WASHINGTON - Poverty rose and income levels declined in 2002 for the second straight year as the nation's economy continued struggling after the first recession in a decade, the Census Bureau reported Friday.
The poverty rate was 12.1 percent last year, up from 11.7 percent in 2001. Nearly 34.6 million people lived in poverty, about 1.7 million more than the previous year.
Median household income declined 1.1 percent between 2001 and 2002 to $42,409, after accounting for inflation. That means half of all households earned more than that amount, and half earned less.
The poverty rate rose again after having fallen for nearly a decade to 11.3 percent in 2000, its lowest level in more than 25 years. Income levels increased through most of the 1990s, then were flat in 2000 and fell the last two years.
Experts had predicted rising unemployment last year and the still shaky economy would increase poverty and lower income for most people, even though the recession officially ended in November 2001.
Bureau statistician Daniel Weinberg said the changes between 2001 and 2002 were consistent with changes following past recessions.
"The highest point in the cycle of poverty and the lowest point in income tend to come in the year after a recession," he said at a news conference at bureau headquarters in Suitland, Md.
In 2002, 12.1 million children were in poverty, or 16.7 percent of all kids, up from 11.7 million, or 16.3 percent, the previous year. The Census Bureau said the increase was not statistically significant.
The estimates, calculated annually by the Census Bureau, came from a survey of 78,000 households taken in March. They are the government's official measure of income and poverty.
Comparing poverty rates and income for racial and ethnic groups was more difficult in 2002 because the Census Bureau for the first time allowed survey respondents to report if they were of more than one race.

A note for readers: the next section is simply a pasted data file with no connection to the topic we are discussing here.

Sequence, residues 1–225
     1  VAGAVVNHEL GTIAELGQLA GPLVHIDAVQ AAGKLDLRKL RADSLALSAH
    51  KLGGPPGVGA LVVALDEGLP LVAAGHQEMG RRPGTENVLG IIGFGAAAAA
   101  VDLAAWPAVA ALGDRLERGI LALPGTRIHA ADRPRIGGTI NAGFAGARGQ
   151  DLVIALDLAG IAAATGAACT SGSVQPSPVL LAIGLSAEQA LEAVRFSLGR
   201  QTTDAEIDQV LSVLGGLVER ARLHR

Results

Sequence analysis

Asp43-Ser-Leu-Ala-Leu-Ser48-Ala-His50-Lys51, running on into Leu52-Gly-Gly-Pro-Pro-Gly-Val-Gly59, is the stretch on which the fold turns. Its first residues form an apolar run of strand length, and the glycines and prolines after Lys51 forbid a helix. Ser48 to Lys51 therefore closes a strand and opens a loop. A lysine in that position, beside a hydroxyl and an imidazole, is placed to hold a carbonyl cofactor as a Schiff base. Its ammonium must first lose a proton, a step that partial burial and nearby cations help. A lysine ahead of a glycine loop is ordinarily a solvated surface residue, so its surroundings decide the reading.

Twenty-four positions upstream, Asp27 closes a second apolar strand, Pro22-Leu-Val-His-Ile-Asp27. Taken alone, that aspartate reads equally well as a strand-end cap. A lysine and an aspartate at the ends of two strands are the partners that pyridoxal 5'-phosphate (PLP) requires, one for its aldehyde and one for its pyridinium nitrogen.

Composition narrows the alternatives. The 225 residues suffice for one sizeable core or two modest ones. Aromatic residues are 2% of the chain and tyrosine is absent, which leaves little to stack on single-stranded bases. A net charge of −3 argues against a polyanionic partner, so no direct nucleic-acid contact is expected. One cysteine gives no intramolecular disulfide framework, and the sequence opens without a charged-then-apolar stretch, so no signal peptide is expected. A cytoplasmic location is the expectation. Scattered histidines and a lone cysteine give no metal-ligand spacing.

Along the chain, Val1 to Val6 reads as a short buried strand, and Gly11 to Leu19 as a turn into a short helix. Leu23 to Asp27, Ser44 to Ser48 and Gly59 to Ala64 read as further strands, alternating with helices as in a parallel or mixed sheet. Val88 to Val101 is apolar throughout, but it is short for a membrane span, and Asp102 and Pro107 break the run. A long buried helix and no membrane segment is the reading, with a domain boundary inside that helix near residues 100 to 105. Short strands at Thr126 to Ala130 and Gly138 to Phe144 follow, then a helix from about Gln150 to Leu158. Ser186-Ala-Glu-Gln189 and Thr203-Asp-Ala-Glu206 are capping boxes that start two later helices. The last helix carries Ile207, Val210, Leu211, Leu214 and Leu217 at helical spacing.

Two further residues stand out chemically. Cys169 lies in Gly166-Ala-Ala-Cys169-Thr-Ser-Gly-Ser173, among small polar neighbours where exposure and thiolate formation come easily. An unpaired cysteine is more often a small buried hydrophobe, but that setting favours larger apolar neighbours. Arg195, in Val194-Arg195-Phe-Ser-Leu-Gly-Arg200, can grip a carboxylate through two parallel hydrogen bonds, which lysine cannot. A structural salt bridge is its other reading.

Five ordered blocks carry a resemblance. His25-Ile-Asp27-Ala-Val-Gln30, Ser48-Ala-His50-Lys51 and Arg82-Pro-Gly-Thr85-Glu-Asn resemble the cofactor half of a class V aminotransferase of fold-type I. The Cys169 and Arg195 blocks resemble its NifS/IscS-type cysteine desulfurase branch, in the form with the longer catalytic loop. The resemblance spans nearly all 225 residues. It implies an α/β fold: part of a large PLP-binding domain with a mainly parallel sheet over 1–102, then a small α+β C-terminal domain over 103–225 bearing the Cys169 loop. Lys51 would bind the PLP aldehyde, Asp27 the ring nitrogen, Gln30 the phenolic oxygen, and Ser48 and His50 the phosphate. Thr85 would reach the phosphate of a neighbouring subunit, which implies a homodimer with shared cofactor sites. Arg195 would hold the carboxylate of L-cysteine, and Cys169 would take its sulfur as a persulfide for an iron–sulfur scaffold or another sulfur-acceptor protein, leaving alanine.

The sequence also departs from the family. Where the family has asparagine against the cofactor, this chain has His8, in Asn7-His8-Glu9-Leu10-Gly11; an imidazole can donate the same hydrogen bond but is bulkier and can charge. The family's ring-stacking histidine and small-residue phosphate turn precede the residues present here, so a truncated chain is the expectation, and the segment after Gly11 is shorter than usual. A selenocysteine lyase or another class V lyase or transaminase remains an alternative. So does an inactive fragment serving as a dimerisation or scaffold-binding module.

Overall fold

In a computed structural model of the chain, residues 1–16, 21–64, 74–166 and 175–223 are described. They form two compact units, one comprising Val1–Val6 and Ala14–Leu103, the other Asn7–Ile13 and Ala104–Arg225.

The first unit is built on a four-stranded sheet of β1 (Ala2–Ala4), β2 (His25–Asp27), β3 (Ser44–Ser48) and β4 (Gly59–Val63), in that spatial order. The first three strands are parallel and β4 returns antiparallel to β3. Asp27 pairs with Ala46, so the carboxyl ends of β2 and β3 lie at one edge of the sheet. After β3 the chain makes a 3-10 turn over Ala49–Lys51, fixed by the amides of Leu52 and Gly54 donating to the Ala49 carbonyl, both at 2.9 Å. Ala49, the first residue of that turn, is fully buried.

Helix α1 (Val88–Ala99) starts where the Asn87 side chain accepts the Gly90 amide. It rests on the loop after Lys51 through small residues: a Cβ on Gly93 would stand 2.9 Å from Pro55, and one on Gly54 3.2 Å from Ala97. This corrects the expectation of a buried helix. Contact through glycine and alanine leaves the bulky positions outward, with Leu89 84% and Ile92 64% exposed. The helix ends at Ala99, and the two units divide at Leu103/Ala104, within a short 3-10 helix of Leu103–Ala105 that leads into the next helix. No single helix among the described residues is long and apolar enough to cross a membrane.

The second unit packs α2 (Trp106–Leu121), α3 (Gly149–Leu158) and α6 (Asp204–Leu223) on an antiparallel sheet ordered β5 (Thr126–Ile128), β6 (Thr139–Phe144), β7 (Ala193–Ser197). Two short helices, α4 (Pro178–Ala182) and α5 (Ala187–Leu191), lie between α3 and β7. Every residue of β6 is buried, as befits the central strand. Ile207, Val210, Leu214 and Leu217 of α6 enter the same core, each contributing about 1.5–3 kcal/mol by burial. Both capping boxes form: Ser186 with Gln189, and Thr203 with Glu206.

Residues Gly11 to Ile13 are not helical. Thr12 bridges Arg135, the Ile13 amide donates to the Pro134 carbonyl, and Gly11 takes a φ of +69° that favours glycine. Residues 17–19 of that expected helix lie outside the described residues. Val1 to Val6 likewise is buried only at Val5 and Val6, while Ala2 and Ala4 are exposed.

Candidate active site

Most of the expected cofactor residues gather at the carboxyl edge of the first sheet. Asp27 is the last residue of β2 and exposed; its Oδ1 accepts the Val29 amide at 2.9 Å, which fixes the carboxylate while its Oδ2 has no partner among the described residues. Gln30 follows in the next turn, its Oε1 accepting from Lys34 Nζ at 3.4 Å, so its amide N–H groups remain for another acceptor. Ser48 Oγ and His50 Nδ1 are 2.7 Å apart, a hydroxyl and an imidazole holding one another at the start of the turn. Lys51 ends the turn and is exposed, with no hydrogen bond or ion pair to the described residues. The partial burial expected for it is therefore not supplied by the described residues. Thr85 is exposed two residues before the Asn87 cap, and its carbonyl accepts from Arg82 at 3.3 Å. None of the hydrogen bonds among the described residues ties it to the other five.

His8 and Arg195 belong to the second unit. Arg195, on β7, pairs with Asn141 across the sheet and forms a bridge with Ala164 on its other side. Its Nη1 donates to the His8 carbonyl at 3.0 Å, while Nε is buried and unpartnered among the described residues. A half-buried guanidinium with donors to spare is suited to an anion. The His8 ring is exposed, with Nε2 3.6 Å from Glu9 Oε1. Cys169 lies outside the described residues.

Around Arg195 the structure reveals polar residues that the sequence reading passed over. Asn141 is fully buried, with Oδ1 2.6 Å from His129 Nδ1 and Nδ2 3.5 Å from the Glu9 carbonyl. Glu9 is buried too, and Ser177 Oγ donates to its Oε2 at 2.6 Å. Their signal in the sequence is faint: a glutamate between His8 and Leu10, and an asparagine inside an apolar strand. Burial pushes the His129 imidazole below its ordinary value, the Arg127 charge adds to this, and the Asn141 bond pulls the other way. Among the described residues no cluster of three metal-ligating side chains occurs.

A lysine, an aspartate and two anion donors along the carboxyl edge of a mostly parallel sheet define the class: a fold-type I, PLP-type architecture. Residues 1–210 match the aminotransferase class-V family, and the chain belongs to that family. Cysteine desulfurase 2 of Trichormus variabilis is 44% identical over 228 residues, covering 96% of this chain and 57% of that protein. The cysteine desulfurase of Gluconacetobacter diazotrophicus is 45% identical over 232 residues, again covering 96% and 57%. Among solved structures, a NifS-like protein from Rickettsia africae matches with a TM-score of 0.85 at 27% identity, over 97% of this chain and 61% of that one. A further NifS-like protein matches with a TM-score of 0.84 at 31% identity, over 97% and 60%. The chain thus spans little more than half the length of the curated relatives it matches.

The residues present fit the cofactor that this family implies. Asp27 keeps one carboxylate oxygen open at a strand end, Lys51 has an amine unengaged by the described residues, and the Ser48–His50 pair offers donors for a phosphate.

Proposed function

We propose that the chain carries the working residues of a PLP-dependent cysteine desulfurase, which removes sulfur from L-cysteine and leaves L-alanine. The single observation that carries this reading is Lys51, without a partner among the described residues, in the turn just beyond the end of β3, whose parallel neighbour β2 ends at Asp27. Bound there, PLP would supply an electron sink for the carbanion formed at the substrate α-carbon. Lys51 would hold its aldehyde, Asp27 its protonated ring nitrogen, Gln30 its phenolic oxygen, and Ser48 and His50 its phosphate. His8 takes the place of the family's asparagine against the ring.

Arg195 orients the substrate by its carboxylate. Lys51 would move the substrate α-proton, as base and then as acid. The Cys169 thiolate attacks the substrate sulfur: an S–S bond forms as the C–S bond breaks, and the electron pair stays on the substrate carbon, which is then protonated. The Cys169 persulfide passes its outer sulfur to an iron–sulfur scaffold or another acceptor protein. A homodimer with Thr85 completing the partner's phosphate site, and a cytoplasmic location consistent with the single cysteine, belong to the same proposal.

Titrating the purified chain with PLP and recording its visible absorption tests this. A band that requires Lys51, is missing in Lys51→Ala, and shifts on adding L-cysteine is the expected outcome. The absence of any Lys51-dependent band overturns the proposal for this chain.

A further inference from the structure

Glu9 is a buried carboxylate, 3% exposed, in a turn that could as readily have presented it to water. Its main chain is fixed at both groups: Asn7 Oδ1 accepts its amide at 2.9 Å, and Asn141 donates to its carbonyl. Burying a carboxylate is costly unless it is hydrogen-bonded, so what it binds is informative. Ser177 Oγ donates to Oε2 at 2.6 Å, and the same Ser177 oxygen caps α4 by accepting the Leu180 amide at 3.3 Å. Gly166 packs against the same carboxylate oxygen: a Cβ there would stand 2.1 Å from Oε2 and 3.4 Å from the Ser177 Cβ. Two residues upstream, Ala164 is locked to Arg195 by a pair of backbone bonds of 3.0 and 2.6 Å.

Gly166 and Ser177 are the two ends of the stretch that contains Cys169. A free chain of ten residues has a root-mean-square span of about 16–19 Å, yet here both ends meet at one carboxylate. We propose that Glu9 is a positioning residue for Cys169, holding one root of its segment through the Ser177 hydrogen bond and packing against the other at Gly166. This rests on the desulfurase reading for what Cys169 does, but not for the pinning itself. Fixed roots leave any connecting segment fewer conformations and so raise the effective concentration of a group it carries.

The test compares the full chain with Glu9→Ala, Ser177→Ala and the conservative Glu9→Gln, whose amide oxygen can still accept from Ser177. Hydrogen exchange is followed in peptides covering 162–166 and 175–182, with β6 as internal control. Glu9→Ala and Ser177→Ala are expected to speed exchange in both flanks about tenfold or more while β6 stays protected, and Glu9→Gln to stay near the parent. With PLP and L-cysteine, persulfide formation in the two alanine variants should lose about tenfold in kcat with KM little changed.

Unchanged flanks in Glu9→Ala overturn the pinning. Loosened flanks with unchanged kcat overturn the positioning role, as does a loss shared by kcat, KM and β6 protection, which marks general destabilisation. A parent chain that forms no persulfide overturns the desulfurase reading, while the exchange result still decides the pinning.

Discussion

For instance, the poverty rate for blacks in 2002 ranged from 23.9 percent for those who identified themselves as being black and another race, to 24.1 percent for those who selected only black.
Measured either way, the bureau considered that a significant increase from 2001, when 22.7 percent of blacks lived in poverty.
Poverty rates remained relatively unchanged for non-Hispanic whites, Asians and Hispanics, the bureau said.
Median income fell for blacks and Hispanics, but was relatively unchanged for whites. Income was highest among whites and Asians.
Incomes also declined significantly for foreign-born non-citizens, people living in metropolitan areas and for family households. By region, the Midwest experienced a significant decline, while all other regions were relatively unchanged.
The poverty threshold differs by the size and makeup of a household. For instance, a person under 65 living alone in 2002 was considered in poverty if income was $9,359 or less; for a household of three including one child, it was $14,480.
A separate Census Bureau survey released earlier this month also showed more people living in poverty in 2002, along with a slight increase in median income. However, that survey did not ask as detailed a series of questions on people's financial status.
Even before the data was made public, House Democrats charged the Bush administration was trying to hide bad economic news by releasing the numbers on a Friday when people are paying more attention to the upcoming weekend. In previous years, the estimates were released on a Tuesday or Thursday.
"Sounds like they're trying to bury the numbers where people won't find them," said Rep. Carolyn Maloney, D-N.Y. "This is another clear example of political manipulation of data by the Bush administration to avoid the glare of public scrutiny about the country's worsening economy."
Census Bureau spokesman Larry Neal said the time change wasn't politically motivated. It was originally scheduled to be released this past Tuesday, he said, but was moved to Friday because statisticians asked for more time to process the numbers.
"These are the official estimates of income and poverty in America and every debate on income and poverty for the next year will rehash them," Neal said. "The notion that we should, could or would suppress these numbers doesn't pass the laugh test."